With every last word read, you now have no excuse not to crack up the bottle. What does Morrissey Fox Blonde taste like? Will I adore it as much as Neil Morrissey and Richard Fox? The only way to find out is to do this…

Morrissey Fox Blonde poured into a glass

It looks golden and delicious. But you won’t get a milk-moustache from the head. Mostly because there isn’t one. A couple of minutes after the pour, and a slim layer is on one-half of the glass.

How does it smell? The labels described it as “flowery” with “aromatic hops”. Are they right? Yes. In a word, it smells good. Spicy hoppi-ness and flowers are what it smells of. Both together, it has an excellent smell of, erm, well, ale. It smells good and beery. Summery too.

How does it taste? A couple of gulps in, and I’m liking Morrissey Fox Blonde. The flavour is light and gentle. It tastes, mildly, of citrus, flowers and other nice, natural thing. Then, just as gently and mildly, the aftertaste comes and goes. It passes so quietly, you’ll hardly know it was there. What it leaves is the mildest of pleasant, spicy hop finishes.

The label went with “light and refreshing with a full body”. Morrissey Fox Blonde has flavour and taste, but are they strong enough to count as a “full body”? I’m not so sure. As for light and refreshing, it is certainly both of those things.

Half-way through now, so what am I enjoying about Morrissey Fox Blonde? I’m liking how easy it is. Easy on the nose. Easy to drink. You would need to be as timid as a mouse to be put off by Blonde. That’s partly because of the quality of the ingredients. You can just tell that good, natural things went into this. None of the artificial taste you get with nigh-name lagers and ciders.

What am I not enjoying about Morrissey Fox Blonde? There are a few issues. The other day I went off on a rant about the lack of imagination from small breweries. It seemed that everyone was making light ales for the two-weeks of the year that we call summer. Blonde isn’t an exception. Yes, it’s doing a few things differently, but is it all that different to other light and summery ales? Really?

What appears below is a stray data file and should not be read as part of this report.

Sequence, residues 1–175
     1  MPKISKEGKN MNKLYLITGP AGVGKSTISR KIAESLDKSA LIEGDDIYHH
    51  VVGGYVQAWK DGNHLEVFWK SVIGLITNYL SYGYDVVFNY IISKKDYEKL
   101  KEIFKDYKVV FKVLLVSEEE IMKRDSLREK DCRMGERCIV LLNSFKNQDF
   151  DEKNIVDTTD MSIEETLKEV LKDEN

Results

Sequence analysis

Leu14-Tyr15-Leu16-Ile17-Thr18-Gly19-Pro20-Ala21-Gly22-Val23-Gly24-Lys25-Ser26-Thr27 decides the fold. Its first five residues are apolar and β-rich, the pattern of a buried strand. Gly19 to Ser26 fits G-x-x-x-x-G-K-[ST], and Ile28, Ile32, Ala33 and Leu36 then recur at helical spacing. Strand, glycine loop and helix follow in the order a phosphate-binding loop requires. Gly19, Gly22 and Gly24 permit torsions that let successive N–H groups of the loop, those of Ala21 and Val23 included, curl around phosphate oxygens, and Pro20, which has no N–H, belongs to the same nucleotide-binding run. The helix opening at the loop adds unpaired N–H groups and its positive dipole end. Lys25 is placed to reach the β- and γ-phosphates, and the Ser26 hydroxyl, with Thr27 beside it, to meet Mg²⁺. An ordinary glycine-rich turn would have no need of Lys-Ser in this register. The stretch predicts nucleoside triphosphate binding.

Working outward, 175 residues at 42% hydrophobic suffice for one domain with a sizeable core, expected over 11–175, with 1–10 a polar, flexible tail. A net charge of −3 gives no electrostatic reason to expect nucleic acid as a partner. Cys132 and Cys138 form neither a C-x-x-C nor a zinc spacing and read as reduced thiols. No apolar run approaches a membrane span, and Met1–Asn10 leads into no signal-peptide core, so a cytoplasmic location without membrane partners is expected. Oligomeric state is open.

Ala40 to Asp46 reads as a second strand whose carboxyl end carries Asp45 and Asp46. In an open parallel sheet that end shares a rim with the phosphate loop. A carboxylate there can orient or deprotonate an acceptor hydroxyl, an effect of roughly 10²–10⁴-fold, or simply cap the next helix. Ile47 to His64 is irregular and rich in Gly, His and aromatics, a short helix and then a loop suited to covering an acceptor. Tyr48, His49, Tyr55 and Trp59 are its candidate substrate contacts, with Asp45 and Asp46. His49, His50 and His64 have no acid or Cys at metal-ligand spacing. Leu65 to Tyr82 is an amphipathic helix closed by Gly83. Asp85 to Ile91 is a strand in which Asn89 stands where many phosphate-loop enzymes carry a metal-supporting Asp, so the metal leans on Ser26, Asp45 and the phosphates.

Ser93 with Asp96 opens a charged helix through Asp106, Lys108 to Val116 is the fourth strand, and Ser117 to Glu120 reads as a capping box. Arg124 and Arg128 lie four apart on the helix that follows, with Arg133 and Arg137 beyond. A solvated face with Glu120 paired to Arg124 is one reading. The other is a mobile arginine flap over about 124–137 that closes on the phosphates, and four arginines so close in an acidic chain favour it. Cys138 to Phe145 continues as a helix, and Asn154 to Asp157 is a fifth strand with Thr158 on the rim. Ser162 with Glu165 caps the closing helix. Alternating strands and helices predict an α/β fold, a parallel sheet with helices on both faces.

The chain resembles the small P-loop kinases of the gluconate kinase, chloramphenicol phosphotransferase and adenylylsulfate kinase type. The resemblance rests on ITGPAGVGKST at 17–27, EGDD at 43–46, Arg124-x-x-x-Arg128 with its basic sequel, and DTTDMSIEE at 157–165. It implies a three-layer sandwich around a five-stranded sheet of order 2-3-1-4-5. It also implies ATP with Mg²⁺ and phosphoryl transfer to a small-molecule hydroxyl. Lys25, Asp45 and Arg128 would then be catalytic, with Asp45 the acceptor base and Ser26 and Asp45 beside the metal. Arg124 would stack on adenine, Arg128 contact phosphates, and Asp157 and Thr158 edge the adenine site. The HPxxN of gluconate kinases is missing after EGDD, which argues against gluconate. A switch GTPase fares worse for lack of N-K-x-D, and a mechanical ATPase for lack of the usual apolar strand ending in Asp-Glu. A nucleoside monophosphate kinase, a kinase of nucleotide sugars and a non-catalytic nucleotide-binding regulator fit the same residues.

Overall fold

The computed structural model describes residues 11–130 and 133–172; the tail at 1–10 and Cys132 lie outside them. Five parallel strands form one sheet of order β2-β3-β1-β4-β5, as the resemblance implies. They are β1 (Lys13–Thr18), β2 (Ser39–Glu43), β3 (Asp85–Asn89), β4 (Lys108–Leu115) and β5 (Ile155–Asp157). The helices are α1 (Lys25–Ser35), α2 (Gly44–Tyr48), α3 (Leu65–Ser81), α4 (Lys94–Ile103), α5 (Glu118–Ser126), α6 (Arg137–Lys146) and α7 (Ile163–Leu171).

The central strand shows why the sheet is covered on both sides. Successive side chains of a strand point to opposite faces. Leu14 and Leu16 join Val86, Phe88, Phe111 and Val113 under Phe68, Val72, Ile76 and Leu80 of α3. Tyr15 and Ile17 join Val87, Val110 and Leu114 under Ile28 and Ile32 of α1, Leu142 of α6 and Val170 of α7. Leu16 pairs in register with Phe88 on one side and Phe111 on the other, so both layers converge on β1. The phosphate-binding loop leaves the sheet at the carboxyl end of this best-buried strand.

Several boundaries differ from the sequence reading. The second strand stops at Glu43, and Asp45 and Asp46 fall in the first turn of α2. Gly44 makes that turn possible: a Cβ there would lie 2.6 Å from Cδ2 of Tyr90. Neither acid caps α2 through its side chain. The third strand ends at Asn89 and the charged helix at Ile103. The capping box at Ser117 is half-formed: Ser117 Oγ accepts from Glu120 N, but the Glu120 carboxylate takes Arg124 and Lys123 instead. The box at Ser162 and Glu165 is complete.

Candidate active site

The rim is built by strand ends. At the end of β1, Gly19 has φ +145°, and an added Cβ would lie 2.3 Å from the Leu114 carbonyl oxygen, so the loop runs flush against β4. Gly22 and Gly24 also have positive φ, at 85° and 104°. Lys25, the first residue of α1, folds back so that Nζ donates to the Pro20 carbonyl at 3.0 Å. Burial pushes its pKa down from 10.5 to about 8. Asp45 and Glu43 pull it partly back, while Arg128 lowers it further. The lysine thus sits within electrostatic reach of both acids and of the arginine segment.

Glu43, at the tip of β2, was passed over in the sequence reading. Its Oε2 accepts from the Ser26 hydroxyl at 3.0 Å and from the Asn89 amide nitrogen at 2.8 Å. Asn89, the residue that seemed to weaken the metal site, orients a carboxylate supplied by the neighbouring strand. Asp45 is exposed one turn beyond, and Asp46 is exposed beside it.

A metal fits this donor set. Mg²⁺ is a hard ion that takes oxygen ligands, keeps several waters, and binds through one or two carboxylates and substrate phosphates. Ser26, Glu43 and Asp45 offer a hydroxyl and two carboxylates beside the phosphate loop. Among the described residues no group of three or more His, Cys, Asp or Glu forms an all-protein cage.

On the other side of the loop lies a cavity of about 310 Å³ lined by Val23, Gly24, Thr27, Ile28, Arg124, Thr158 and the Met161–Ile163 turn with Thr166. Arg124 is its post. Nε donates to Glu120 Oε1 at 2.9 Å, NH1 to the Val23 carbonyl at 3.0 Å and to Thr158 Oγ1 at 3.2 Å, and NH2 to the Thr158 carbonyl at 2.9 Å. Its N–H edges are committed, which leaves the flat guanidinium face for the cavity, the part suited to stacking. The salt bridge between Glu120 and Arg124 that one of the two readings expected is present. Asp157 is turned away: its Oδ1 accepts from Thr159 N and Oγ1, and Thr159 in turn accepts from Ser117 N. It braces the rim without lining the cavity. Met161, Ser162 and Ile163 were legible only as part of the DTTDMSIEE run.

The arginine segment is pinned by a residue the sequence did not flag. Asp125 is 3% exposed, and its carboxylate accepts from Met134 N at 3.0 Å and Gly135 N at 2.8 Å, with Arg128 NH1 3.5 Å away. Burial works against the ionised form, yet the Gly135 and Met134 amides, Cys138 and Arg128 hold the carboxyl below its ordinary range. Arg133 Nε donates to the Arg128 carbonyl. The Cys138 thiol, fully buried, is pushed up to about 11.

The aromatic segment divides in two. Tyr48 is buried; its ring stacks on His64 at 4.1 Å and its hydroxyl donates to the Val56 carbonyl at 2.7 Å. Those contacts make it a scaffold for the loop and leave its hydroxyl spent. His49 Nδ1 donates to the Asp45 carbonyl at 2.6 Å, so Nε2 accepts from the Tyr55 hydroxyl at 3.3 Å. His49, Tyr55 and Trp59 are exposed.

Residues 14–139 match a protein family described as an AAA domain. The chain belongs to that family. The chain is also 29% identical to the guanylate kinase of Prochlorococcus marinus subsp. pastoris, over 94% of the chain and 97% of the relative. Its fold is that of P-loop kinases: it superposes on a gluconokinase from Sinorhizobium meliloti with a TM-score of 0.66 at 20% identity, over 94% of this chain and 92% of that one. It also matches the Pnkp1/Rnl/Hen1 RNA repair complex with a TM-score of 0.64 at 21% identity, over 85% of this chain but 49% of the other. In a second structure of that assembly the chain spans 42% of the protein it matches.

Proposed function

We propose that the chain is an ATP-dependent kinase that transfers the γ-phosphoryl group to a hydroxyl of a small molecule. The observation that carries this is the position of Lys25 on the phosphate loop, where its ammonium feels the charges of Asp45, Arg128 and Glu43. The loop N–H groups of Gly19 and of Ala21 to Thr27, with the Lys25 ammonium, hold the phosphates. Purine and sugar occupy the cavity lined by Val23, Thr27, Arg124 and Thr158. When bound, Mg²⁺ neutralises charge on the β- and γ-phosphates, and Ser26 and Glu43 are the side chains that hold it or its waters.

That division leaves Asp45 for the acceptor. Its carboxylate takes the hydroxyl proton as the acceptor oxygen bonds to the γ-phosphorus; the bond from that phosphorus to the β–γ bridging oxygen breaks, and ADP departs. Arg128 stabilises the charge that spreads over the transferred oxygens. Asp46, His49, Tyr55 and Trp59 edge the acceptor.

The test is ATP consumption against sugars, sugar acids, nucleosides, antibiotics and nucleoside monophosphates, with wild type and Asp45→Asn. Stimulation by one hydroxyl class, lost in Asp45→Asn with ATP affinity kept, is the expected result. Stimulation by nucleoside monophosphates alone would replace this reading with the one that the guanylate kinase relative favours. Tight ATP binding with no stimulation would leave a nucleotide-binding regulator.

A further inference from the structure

Besides the big abstract issue, there are a few smaller ones. Some people will love how easy and gentle it is. It stops you from hating it. But wouldn’t it be great if it took risks with bold, unusual flavours? Throw in some pineapple, carrot and hazelnut and come up with something truly inspired. Remember, 10 people loving something is worth 100 people liking it. Besides that, it’s not particularly strong and difficult to find in shops.

To sum up, Morrissey Fox Blonde is an easily drinkable, light, summery ale made by celebrities. Even if you’ve never heard of Neil Morrissey or Richard Fox, you’ll struggle to hate Blonde. But, you’ll struggle to love it either. If it’s a sunny day or you want to get your girl into ale, Blonde is an excellent choice. If you want something off-the-wall, keep looking.

Rating: 4.05

Have you tried Morrissey Fox Blonde? Have you been to Ye Olde Punch Bowl Inn? What did you think? Do please leave your opinions, corrections, requests, recommendations and places to buy here in the comments.


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One Response to “Beer Review: Morrissey Fox Blonde”

  1. acer1ism Says:

    Im supping on one of these blondes now and am loving it. Only problem is i can seem to find a decent supplier of it locally to me. The local Tescos only ever seems to have 2 or 3 on the shelf and never has any more out back…
    Would love to find someone who could do me a crate or two (with a little discount?!) and be done with it.
    My choice at the moment… Love it.